Nick Cave has been discussing the delicate subject of death and, in turn, offered some words of advice on how to deal with grief.
The Bad Seeds frontman, returning to his fan-led platform, The Red Hand Files, responded to two separate fans who both contacted the singer after recently suffering the loss of a child.
Cave, who has openly discussed the tragic death of his teenage son, Arthur, again reflected on the traumatically difficult period. Arthur Cave, one of Cave’s twin sons, died following a fall from a cliff in East Sussex in the summer of 2015, aged just 15.
The twin sons, Arthur and Earl were born in 2000 to mother and Cave’s wife Susie Bick.
Now, as he discusses the grief that he and his family felt during this time, Cave said: “Susie [Cave’s wife] and I have learned much about the nature of grief over recent years. We have come to see that grief is not something you pass through, as there is no other side,” in his message.
“For us, grief became a way of life, an approach to living, where we learned to yield to the uncertainty of the world, whilst maintaining a stance of defiance to its indifference. We surrendered to something over which we had no control, but which we refused to take lying down.
“Grief became both an act of submission and of resistance — a place of acute vulnerability where, over time, we developed a heightened sense of the brittleness of existence. Eventually, this awareness of life’s fragility led us back to the world, transformed.”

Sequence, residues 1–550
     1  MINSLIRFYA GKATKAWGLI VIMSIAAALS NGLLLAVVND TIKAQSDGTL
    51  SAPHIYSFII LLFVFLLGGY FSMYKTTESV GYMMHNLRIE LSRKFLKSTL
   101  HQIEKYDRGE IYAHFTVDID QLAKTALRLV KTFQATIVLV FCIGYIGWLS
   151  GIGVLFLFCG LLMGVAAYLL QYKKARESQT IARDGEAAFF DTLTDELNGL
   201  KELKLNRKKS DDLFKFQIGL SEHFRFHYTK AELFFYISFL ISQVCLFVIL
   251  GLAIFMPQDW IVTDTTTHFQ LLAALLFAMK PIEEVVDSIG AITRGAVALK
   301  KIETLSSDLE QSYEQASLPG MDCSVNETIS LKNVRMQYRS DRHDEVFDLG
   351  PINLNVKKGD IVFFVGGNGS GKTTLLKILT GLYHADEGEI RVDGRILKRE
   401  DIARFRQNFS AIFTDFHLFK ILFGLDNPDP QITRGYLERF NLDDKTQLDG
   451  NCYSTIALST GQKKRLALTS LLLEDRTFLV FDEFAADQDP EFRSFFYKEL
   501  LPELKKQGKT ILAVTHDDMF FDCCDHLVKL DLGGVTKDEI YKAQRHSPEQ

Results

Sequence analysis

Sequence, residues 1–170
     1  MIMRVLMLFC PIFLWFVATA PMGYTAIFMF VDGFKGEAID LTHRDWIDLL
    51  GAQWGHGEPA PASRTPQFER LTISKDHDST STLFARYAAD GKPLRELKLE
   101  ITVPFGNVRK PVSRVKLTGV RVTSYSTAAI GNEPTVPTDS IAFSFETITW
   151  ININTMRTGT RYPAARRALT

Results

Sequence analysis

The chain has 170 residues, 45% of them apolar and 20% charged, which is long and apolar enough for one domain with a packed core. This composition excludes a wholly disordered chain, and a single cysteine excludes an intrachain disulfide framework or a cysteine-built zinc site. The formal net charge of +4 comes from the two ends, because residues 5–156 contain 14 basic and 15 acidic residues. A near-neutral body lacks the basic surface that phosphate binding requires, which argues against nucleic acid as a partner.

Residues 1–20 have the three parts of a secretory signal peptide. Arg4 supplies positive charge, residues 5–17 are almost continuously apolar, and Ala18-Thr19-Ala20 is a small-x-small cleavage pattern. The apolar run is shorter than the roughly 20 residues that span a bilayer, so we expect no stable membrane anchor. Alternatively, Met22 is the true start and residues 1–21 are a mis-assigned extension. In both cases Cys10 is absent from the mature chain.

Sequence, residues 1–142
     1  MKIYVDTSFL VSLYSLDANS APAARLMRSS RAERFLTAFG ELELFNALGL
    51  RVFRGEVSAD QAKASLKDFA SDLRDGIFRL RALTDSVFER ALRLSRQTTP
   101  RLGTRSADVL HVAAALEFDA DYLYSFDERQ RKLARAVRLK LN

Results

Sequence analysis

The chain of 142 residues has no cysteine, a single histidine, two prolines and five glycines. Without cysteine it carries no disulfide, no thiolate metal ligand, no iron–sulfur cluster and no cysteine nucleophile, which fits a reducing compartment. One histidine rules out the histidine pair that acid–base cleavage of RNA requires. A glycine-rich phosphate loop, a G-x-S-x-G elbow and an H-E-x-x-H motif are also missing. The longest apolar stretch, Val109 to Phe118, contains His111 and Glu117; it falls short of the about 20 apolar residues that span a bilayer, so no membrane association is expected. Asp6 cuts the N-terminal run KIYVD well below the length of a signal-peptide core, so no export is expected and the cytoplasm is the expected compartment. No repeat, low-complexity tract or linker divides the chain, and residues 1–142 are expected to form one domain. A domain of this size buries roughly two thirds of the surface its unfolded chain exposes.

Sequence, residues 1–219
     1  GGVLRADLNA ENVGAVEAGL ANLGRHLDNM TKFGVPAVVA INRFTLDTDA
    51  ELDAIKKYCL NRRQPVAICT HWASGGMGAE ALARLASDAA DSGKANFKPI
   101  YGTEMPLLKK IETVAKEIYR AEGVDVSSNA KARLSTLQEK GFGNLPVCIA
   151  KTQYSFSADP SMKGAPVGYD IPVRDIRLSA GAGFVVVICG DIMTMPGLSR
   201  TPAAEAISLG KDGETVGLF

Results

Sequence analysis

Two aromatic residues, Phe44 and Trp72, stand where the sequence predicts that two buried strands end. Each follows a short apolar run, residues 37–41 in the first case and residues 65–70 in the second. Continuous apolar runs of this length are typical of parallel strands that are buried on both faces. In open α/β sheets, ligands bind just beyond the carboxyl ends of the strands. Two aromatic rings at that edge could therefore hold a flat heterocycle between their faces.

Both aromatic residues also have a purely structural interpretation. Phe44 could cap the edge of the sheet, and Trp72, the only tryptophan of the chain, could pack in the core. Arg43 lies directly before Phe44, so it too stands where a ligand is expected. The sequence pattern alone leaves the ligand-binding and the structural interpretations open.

While Cave seeming channelled a large proportion of his grief into creative means during the recording of The Bad Seeds’ furiously emotional sixteenth Bad Seeds studio album Skeleton Tree, the musician confessed that the feeling of grief is “much more than just despair” and comes in many variations.
“We found grief contained many things — happiness, empathy, commonality, sorrow, fury, joy, forgiveness, combativeness, gratitude, awe, and even a certain peace. For us, grief became an attitude, a belief system, a doctrine — a conscious inhabiting of our vulnerable selves, protected and enriched by the absence of the one we loved and that we lost,” he wrote.
Adding: “In the end, grief is an entirety. It is doing the dishes, watching Netflix, reading a book, Zooming friends, sitting alone or, indeed, shifting furniture around. Grief is all things reimagined through the ever emerging wounds of the world. It revealed to us that we had no control over events, and as we confronted our powerlessness, we came to see this powerlessness as a kind of spiritual freedom.
“Susie’s grief has become part of her chemistry, it moves through her bloodstream like a force, and though she often inhabits the liminal space at the edge of dreams, she remains strong in her powerlessness and obstinately awed by the workings of the world.”
He concluded: “Susie says to tell you she is very sorry to hear of your losses, very sorry, and looking at her now, I can only say to you both, that in time, there is a way, not out of grief, but deep within it.”